Thursday, January 12, 2012 at 2:32 am.

CES: This is Bat Country

Fear and LoathingPerhaps the best thing to come out of CES this year is some of the writing.

I don’t mean the breathless descriptions of boring gadgets or the usual CES-still-matters-no-it-doesn’t debate. I’m talking about the articles where the act of attending CES itself — that crazy spectacle in Las Vegas — is the cause for introspection.

The first post to read is “Fever Dream of a Guilt-Ridden Gadget Reporter” by Gizmodo’s Mat Honan. This is what it’s like to swim in the brain of a tech blog writer during a chaotic trade show. And this, I’d imagine, is how Hunter S. Thompson might describe CES.

I trudge past several million dollars worth of 3DTVs, looking for a good place to take a shit. The toilets are all filthy. CES attendees are overwhelmingly men. Men are filthy, especially when they’ve been drinking too much coffee and eating Vegas buffets.

So I duck into the ladies’ room.

Then check out Brian Lam’s piece at the Wirecutter, “The Magical (And Sometimes Ridiculous) Gadgets of Tomorrow”. There is a useful list of the few gadgets at CES that are actually interesting, and another list of the ones you can safely ignore. And then there is a peek into the magical (and ridiculous) mind of Brian Lam.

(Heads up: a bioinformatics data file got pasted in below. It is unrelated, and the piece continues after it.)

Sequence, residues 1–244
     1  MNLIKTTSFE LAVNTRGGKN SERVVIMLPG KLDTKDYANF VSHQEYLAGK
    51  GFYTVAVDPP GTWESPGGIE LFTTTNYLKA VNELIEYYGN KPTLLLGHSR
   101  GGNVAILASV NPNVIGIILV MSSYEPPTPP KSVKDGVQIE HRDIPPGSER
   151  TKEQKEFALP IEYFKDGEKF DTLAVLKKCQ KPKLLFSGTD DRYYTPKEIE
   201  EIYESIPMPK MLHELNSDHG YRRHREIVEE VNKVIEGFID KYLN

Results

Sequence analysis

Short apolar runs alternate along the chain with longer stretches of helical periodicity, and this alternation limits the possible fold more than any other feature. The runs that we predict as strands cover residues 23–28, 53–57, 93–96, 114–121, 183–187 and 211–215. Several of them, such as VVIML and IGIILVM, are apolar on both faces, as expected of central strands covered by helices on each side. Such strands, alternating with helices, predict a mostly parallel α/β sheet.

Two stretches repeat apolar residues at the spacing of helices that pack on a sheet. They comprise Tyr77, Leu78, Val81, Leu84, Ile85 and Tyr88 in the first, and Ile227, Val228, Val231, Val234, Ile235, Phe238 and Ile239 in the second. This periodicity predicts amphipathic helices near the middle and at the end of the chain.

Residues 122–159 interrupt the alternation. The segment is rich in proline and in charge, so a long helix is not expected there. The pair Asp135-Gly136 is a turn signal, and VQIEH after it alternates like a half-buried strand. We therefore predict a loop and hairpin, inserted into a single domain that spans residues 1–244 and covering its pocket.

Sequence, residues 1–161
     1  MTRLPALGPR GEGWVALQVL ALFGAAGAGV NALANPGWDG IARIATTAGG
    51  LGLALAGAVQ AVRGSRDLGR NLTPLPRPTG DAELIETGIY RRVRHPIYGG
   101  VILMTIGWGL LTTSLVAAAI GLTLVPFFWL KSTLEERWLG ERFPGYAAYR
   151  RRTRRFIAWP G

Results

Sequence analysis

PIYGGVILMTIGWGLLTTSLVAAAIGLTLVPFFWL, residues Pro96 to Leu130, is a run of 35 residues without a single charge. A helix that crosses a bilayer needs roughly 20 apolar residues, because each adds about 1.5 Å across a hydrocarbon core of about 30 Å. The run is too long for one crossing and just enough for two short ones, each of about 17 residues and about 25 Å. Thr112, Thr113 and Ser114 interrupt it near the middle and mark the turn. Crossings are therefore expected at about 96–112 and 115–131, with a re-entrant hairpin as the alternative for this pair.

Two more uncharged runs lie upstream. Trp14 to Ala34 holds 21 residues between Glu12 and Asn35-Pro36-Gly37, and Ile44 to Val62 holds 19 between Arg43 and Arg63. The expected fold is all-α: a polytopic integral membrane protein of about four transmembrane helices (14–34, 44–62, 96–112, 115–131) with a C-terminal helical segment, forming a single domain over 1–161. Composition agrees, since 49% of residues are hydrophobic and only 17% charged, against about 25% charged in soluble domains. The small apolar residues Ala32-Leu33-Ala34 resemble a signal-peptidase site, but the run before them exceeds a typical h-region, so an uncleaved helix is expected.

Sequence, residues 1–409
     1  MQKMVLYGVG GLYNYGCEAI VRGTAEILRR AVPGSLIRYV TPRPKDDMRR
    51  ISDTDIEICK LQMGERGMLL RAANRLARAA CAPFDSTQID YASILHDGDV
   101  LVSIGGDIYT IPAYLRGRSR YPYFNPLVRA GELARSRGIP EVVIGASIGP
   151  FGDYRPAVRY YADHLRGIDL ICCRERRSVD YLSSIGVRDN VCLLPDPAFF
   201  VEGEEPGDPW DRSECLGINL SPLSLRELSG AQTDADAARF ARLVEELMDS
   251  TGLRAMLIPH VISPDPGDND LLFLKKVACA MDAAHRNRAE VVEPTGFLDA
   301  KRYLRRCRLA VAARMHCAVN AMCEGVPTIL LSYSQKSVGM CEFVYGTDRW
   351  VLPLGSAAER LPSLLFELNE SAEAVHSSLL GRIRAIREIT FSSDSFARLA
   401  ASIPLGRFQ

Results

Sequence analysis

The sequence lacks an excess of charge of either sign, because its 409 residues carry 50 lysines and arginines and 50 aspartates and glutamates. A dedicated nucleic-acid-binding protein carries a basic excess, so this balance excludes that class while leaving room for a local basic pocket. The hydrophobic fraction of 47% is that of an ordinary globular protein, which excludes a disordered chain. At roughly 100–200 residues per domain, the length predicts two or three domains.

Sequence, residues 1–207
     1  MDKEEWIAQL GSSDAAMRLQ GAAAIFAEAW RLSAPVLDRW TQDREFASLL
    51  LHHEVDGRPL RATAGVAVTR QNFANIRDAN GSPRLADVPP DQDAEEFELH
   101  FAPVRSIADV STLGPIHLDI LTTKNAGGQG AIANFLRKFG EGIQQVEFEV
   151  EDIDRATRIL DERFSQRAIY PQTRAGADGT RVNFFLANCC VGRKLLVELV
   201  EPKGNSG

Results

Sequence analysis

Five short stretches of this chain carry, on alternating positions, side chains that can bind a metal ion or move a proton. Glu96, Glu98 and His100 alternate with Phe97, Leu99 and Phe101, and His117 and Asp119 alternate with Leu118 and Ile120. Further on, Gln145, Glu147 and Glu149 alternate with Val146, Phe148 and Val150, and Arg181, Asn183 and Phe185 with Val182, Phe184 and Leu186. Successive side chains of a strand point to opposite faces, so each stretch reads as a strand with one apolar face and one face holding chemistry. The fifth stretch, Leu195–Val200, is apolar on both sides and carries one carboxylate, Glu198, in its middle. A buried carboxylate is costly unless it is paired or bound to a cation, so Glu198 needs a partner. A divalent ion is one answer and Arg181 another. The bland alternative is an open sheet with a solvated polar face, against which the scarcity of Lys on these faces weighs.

The first thing I notice every year when I settle into a hotel at CES is that no matter how fancy the hotel, the tap water smells like eggs. They say the memory of smell is powerful although elusive and I use the memory of the smell of the tap water to wake me up when my eyes start glossing over at CES.

Eggs.

I’ve never attended CES. The first several years of my tech writing career, I was never offered the opportunity. Later, I made it a point of pride to stay away — I wanted to go to CES like I wanted a Zune.

But reading these pieces today, I’m actually sad I didn’t go this year. Now that I have a job where I really can take the time to look around, listen, smell, and think before I have to write stuff down, it seems like something I should experience.